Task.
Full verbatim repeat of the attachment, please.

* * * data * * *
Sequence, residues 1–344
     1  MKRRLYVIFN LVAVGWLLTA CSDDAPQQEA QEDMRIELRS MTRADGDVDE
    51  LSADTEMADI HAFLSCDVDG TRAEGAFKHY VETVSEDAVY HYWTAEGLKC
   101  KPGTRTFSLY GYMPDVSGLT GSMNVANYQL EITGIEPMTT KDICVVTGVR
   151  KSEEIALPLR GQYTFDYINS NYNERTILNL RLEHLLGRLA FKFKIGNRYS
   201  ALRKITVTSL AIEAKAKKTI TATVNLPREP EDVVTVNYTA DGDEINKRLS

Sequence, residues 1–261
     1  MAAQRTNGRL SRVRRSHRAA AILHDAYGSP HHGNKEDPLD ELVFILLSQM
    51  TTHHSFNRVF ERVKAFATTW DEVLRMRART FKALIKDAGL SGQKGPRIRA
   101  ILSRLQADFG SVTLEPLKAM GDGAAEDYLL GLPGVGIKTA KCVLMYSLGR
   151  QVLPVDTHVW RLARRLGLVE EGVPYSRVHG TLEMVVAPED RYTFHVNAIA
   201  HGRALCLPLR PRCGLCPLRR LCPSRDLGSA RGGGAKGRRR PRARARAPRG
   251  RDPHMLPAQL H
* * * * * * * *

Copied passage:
Sequence, residues 1–344
     1  MKRRLYVIFN LVAVGWLLTA CSDDAPQQEA QEDMRIELRS MTRADGDVDE
    51  LSADTEMADI HAFLSCDVDG TRAEGAFKHY VETVSEDAVY HYWTAEGLKC
   101  KPGTRTFSLY GYMPDVSGLT GSMNVANYQL EITGIEPMTT KDICVVTGVR
   151  KSEEIALPLR GQYTFDYINS NYNERTILNL RLEHLLGRLA FKFKIGNRYS
   201  ALRKITVTSL AIEAKAKKTI TATVNLPREP EDVVTVNYTA DGDEINKRLS

Sequence, residues 1–261
     1  MAAQRTNGRL SRVRRSHRAA AILHDAYGSP HHGNKEDPLD ELVFILLSQM
    51  TTHHSFNRVF ERVKAFATTW DEVLRMRART FKALIKDAGL SGQKGPRIRA
   101  ILSRLQADFG SVTLEPLKAM GDGAAEDYLL GLPGVGIKTA KCVLMYSLGR
   151  QVLPVDTHVW RLARRLGLVE EGVPYSRVHG TLEMVVAPED RYTFHVNAIA
   201  HGRALCLPLR PRCGLCPLRR LCPSRDLGSA RGGGAKGRRR PRARARAPRG
   251  RDPHMLPAQL H